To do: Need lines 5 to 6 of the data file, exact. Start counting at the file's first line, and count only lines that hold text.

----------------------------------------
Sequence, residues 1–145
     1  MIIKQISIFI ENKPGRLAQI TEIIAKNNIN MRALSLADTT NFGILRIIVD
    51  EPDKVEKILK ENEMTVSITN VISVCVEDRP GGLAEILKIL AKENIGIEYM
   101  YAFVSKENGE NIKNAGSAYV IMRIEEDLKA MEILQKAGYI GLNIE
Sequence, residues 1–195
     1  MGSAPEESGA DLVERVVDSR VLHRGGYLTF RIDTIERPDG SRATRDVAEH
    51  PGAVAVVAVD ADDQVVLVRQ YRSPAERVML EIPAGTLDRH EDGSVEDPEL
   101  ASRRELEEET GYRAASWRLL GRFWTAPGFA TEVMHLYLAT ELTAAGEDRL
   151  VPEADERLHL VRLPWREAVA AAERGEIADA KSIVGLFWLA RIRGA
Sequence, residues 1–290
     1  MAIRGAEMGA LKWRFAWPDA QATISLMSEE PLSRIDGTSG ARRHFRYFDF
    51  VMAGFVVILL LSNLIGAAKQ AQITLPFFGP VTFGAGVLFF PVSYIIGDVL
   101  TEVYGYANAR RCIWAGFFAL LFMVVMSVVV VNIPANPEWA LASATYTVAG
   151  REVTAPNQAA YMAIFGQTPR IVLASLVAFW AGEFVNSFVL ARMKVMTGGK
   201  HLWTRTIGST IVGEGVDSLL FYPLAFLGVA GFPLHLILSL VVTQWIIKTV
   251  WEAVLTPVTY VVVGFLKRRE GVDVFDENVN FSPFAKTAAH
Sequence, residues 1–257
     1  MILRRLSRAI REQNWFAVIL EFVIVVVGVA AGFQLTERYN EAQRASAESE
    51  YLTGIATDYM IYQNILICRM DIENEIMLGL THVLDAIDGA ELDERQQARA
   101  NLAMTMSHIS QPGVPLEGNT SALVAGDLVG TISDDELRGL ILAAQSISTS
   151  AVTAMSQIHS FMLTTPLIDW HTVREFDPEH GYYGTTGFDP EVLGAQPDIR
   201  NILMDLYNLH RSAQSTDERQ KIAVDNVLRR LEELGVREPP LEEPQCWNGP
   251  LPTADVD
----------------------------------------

Sequence, residues 1–195
     1  MGSAPEESGA DLVERVVDSR VLHRGGYLTF RIDTIERPDG SRATRDVAEH